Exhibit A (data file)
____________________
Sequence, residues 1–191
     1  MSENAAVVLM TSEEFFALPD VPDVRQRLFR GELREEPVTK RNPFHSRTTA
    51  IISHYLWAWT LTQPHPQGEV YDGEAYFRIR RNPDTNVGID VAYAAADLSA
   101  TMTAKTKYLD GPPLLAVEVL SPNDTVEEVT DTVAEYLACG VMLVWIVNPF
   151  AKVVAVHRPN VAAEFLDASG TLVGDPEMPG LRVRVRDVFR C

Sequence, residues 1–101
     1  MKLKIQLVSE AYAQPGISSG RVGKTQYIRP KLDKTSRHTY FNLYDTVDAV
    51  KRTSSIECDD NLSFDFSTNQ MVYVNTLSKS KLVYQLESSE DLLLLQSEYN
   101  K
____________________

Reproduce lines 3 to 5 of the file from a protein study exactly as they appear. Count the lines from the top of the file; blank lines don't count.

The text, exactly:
    51  IISHYLWAWT LTQPHPQGEV YDGEAYFRIR RNPDTNVGID VAYAAADLSA
   101  TMTAKTKYLD GPPLLAVEVL SPNDTVEEVT DTVAEYLACG VMLVWIVNPF
   151  AKVVAVHRPN VAAEFLDASG TLVGDPEMPG LRVRVRDVFR C